Radha Burnier

Contributed to Freedom, Progress and Society,
a collection of essays in honour of Professor K. Satchidananda Murty

IN every time of transition and during the periods when notable external changes take place, the minds of people are put to the test. They either derive a new impetus from the challenge posed by rapidly altering circumstances and spearhead the further cultural, intellectual and spiritual growth of the civilization in which they live, or they get overwhelmed because they are too crystallized and conventional to respond adequately to change, and then everything begins to decay and crumble around them.

We are now living in an epoch of great external change. Technology has altered the environment of even simple, tribal people who live in remote areas. Present day enterprises, made possible by technology, modify the weather, produce acid rain, bring imbalances in forests and so forth, thus affecting the lives of people over a wide area. In urbanized areas, of course, the impact of technology on the environment is very much greater. The electronic revolution, too, is bringing about a major change, rendering obsolescent various mind processes, and the occupations in which memory and memory-based calculations were important. Some of the significant discoveries in the field of science during the last few decades call for the revision of various traditional world views. Against the perspective of the annihilative techniques now accessible to the people of the world, old theories of political relationship, the practice of the sãma, dãna, bheda and danda of previous ages, have become irrelevant, because it amounts to dangerous madness to play this game at a time when any local conflict can spark disaster on the global scale. Humanity can no more afford to think in old terms about relationship among nations, communities and peoples.

The development of technology has given rise to the illusion that progress lies in the improvement of tools and skills. Man has been described as homo faber, the tool maker. He has also been thought of since Aristotle’s time as a rational animal. It is his rationality which has enabled him to obtain the knowledge which results in technological marvels. But there is hardly any rationality in the pursuit of a competitive, aggressive way of life while possessing tools of unprecedented destructive power. It is being increasingly realized that the crisis which besets human society on all fronts is not due to the technology or tools which man has created. The problem is in himself, the moral inadequacy and inability to understand essential values. The present day civilization will not win or lose by its capacity for production or for war, by the importance of its cities or its commerce. It is only when the entirely new conditions of the modern world are realized as a challenge to reconsider the prevailing values of our consumeristic and conflict ridden society that there is hope for real progress.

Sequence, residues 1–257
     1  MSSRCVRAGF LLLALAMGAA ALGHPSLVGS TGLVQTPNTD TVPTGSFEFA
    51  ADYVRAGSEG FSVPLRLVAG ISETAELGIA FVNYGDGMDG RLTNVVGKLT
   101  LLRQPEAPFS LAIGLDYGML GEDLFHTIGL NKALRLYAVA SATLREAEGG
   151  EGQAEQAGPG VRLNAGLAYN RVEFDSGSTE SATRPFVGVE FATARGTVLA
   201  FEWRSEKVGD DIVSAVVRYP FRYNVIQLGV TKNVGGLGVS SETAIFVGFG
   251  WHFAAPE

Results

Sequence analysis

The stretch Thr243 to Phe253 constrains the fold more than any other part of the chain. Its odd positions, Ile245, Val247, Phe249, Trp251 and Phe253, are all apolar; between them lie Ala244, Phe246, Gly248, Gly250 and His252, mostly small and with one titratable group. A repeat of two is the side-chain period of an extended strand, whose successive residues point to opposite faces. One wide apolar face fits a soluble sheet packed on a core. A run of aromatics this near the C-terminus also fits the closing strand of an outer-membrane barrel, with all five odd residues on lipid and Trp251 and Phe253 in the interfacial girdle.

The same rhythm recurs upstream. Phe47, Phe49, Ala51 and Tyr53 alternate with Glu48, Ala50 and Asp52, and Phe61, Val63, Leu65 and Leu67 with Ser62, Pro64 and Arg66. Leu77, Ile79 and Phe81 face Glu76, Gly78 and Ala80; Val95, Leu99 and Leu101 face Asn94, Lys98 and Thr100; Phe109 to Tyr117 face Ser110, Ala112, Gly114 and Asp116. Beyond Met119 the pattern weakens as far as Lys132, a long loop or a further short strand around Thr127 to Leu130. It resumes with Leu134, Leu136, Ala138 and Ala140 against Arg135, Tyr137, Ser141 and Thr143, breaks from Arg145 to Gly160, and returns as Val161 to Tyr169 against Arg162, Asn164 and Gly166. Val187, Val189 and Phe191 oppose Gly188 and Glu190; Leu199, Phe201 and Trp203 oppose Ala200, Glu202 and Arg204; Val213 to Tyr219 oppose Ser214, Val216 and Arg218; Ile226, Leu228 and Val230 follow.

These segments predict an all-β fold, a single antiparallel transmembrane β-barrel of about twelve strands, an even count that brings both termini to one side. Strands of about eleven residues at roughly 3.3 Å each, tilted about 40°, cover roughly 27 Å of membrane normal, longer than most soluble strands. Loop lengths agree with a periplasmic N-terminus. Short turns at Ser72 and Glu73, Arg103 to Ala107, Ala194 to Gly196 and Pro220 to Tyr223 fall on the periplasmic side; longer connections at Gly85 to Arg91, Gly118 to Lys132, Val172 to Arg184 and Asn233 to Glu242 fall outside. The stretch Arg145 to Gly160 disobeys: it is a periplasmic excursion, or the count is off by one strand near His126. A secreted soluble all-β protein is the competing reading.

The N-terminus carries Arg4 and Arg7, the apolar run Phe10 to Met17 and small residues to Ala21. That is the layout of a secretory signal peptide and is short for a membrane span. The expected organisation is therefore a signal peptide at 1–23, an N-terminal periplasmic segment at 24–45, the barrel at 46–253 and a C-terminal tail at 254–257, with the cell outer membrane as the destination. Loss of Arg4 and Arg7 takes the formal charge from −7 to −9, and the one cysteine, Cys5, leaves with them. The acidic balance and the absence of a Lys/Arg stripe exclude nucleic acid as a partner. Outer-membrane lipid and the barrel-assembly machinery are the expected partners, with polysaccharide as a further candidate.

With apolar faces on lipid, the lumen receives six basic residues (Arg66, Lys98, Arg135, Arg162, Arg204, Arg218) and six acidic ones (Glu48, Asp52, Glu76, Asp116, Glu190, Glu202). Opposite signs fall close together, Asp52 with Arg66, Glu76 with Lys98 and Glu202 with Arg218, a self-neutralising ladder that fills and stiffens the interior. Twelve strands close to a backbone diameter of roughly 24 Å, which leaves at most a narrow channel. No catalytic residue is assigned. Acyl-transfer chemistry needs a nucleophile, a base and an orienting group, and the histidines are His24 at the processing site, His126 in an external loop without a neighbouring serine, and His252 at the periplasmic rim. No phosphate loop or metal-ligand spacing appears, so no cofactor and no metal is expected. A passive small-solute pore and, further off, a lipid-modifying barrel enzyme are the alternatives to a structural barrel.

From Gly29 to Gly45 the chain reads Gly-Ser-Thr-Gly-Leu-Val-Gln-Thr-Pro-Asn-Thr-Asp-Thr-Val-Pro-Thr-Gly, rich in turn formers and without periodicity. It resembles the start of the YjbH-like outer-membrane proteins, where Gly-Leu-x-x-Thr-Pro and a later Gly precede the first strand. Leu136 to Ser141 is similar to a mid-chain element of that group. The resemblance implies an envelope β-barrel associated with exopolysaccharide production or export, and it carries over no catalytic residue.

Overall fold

The idea of conquest has been ingrained in the human mind making war one of the most consistent features of human history. The notion of conquest includes of course, the acquisition of resources and the adoption of whatever techniques and means are expedient in terms of this given objective. Social values have, therefore, most often been based on utilitarianism and regionalism. Slavery, the oppression of women and those who are weak, torture, poverty and the numerous other forms of cruelty and suffering which have existed in human society, in every age and country are the direct consequence of failure to examine the validity of values formulated to suit a particular region, religion, class or other group or society. Conventional thought has always been predominant. However much testimony there is in a society of failure—and the existence of suffering is failure—the established values are not relinquished.